Letters to the Editor

Who benefits from the Mercer Island Park & Ride?

A comment, last week, indicated a misunderstanding of who benefits from the Mercer Island Park and Ride. The answer is that the Park and Ride is a benefit for Seattle first, the Eastside second, and Mercer Island third.

I say this because the Park and Ride has no impact on Mercer Island traffic at all. It does remove traffic from the streets of Seattle and it is used by some Eastside and Mercer Island residents to park their cars while they work in Seattle. But what it doesn’t do is lower the traffic on Mercer Island. In fact, it increases the traffic because it attracts drivers off I-90 and onto Mercer Island streets. Mercer Island residents also use the Park and Ride while they work in Seattle, but they still add to the total traffic load on Mercer Island streets.

The real beneficiaries of all the Park and Rides in King County are: 1) Seattle, which loses traffic and 2) those commuters who are lucky enough to arrive before the lots are full.

I should point out that the Mercer Island Park and Ride is full because of Eastsiders who, when they hit the first real traffic on I-90, pull off at Island Crest Way, park and then take the bus to Seattle. This is fine; after all, they paid for it, too, and they should use it. But there should be no confusion about the Island benefiting from the Park and Ride.

As a whole, it doesn’t because it does not reduce traffic on Mercer Island; just the opposite, it increases traffic on Mercer Island. True, some individuals, even myself, like to park there and ride to Seattle or the airport. But when we do so, we are not improving the environment on the Island. Only those people who don’t start their cars in the morning can say that they are improving Mercer Island by not commuting in a private vehicle.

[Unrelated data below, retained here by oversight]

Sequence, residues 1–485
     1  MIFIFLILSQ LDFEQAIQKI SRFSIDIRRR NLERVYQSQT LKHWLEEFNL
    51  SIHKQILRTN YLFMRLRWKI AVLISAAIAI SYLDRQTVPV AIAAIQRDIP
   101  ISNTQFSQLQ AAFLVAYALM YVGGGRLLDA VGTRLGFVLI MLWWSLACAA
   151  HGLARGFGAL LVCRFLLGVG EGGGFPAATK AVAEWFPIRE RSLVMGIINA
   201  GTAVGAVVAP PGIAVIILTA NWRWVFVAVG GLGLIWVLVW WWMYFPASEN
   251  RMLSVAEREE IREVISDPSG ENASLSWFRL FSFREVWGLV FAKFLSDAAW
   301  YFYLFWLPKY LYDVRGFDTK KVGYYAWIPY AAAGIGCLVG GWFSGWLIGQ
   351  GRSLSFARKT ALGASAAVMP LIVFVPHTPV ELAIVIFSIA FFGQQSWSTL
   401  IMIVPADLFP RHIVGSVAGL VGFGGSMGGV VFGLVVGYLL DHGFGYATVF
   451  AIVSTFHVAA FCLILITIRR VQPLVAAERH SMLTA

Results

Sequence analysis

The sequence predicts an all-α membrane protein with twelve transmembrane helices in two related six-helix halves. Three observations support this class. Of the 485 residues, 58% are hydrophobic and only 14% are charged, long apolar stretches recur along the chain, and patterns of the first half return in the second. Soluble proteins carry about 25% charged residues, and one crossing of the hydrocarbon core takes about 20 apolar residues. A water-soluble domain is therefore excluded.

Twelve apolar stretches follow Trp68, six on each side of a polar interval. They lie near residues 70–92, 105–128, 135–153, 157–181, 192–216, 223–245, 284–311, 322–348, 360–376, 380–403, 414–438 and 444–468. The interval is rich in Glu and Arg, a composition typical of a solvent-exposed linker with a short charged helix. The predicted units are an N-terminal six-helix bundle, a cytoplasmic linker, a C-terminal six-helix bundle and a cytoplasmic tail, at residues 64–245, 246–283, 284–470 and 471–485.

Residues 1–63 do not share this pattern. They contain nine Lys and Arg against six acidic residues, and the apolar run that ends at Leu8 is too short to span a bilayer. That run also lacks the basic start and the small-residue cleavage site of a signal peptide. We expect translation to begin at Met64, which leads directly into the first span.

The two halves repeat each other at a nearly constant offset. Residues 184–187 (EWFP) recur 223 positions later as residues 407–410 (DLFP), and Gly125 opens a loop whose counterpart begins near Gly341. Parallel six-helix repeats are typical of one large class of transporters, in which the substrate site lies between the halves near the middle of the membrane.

So with regard to the East Link Light Rail project, one should ask, does it make sense to replace the 550 bus route with a billion dollar light rail that follows the same route and does the same thing as the 550? The plan that Sound Transit would like to execute would eliminate the I-90 express lanes, restripe a safe I-90 into a dangerous freeway, create a choke point at the single light rail stop on Mercer Island, and not reduce any Mercer Island street traffic.

The only possible improvement on the present plan would be to create two more stops on Mercer Island at East and West Mercer Way with the hope that a significant number of walk-on, bike and drop-off passengers would be diverted from the Mercer Island center to the additional stops.

Beyond that, the only way to salvage the East Link Light Rail for Mercer Island and King County would be to put it on the proposed 520 bridge, an option supported by Seattle’s mayor.

Seattle is lucky to have a mayor who is willing to get involved with public transit issues. It would be useful if our Mercer Island mayor and City Council would try to influence this project for the benefit of Mercer Island instead of ducking the issue (e.g. come back with something for Mercer Island).

Many years ago, in my home room class at Mercer Island High School, our teacher would frequently arrive an hour or so late due to another head-on collision on the incredibly dangerous, old floating bridge. Eliminating that bridge, the most dangerous element of life on Mercer Island then, was at the top of everyone’s agenda. We went through years of construction (and broken windshields) to get the present super-safe bridge. And now with the present East Link Light Rail plan, we’re going to give up the safe bridge, and we’re not getting anything in return.

Clark Powell

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